Intelligent Golf

United States Patent No. 6,884,180

IEEE MICROWAVE THEORY AND TECHNIQUES SOCIETY

Old as the universe, new as the latest space satellite. Something you use every day, but something you’ve never seen. We’re talking about microwaves. You probably think a microwave is what you use to heat your dinner or make popcorn. That’s actually a microwave oven, or an oven that uses microwaves to generate heat. But what are microwaves?


Microwaves are a form of electromagnetic wave. The most familiar kind of electromagnetic wave is visible light. If you understand how light works, you already have a good idea of how microwaves work. 

It takes energy to produce light, whether it comes from the sun, a kerosene lamp, or a light bulb. It takes energy to produce microwaves too. A typical microwave oven needs several hundred watts of energy to make microwave energy powerful enough to heat last night’s leftovers. 

Like light, microwaves travel very fast, about 186,000 miles (300,000 kilometers) per second in air. No electromagnetic wave, or anything else for that matter, can travel faster. In addition, both light and microwaves get weaker the further they travel from their source, and both can be focused into narrow beams by lenses (such as a magnifying lens) or concave mirrors called reflectors. In devices such as flashlights and car headlights light is focused by these specially shaped mirrors. Microwaves can be focused in dish-shaped reflectors as well. 

As much as they have in common, microwaves and light have one major difference—you can see light, but you can’t see microwaves. This is because of the biggest difference between microwaves and light waves: their wavelengths. 

Light waves and microwaves are both electromagnetic waves and, therefore, part of the electromagnetic spectrum. The electromagnetic spectrum is the range of all electromagnetic waves. It includes everything from radio waves to microwaves, infrared and ultraviolet rays, and gamma rays.

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"Golf is deceptively simple and endlessly complicated. It satisfies the soul and frustrates the intellect.  It is at the same time rewarding and maddening -- it is without doubt the greatest game mankind has ever invented."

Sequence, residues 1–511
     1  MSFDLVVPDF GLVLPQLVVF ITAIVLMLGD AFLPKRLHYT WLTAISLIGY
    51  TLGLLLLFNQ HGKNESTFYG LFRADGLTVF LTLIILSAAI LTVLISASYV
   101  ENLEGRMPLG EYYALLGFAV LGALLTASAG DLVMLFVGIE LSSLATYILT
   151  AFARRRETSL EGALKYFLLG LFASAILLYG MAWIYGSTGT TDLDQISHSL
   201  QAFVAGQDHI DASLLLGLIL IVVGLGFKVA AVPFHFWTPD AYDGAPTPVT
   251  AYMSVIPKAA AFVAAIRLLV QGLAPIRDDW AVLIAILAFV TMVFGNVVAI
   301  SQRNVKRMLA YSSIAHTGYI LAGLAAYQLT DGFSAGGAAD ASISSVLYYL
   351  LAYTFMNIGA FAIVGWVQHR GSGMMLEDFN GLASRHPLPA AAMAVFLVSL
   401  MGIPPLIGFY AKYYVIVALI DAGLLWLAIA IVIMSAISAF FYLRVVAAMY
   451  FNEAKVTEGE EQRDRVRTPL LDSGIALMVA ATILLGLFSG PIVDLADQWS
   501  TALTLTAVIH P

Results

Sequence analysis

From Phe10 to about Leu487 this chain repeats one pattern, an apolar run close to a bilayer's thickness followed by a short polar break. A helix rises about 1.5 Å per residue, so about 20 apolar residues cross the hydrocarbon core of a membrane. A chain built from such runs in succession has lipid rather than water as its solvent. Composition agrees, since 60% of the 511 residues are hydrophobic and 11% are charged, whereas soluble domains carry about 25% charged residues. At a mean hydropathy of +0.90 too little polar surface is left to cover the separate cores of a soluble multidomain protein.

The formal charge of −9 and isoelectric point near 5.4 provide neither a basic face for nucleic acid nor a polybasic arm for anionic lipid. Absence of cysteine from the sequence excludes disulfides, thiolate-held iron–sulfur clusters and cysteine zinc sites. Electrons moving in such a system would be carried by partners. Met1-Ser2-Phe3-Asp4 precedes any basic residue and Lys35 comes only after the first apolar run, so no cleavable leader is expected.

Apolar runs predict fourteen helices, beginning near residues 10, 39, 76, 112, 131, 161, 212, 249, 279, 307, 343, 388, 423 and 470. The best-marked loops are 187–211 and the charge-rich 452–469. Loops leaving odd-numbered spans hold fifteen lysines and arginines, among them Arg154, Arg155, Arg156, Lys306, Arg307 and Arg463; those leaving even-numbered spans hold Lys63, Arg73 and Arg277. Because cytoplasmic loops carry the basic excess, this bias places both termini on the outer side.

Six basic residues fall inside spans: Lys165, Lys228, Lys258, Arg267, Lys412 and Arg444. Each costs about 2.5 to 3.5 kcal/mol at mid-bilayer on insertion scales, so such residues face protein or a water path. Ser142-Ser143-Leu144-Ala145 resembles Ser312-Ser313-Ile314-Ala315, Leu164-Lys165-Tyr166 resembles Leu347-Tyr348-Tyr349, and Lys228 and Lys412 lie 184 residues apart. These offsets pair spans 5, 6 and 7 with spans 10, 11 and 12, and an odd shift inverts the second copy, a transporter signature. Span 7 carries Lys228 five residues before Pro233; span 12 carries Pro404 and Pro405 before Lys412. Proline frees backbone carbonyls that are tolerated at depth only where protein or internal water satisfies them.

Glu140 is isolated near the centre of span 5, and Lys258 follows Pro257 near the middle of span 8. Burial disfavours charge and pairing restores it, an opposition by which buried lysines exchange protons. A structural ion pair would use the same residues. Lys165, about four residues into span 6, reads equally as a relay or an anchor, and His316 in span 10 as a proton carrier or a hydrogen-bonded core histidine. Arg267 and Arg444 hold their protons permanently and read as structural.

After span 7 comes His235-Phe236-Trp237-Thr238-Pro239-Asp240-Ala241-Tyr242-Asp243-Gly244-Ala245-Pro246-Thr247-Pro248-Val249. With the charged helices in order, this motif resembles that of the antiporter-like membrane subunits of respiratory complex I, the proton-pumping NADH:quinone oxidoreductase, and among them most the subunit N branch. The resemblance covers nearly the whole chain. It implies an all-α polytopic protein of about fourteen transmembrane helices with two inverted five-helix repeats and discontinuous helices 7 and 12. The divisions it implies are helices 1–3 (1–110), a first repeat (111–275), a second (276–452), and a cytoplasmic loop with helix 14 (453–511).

Arnold Palmer

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"To win, You must play without reserve"

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"Technology has improved the game -- and the golf ball technology has increased ten-fold over the last ten years"

Tiger Woods

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"Golf is one of the more popular sports in the world, although it would be difficult to call it a team sport.  As such, there occasionally arise disagreements as to the actual number of strokes it took between players to reach the cup.  Furthermore there is a version of golf in which the goal is not only the fewest strokes, but also the fastest game.

United States Patent # 6,884,180 B2 design addresses these needs by providing a means in which the golf ball itself, in conjunction with the golf cup, records the number of strokes.  
In a game, as the ball is played, each stroke is recorded internally (and differentiated from ensuing bounces as it is in play).  When the golf ball drops in the cup, the cup’s microprocessor sends a query to the golf ball.  

The golf ball responds with the programmed ID number for the ball (or player), and the number of strokes since it was last queried.  Following verification of transmission, the ball’s count is reset.  The cup then uploads the count and ID to a localized display and/or to the clubhouse.   The same golf cup can also be used to recharge the ball if the ball is left in the cup, or by use of a separate and portable recharging device.   In such, this new design provides for a self-recording golf game that may be used for one-on-one, tournament or any other scenarios where validation of play may be required.

Brian S. Corzilius

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"Imagination is more important than knowledge, Knowledge is limited. Imagination encircles the world."

Albert Einstein

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"...and technology shall be increased"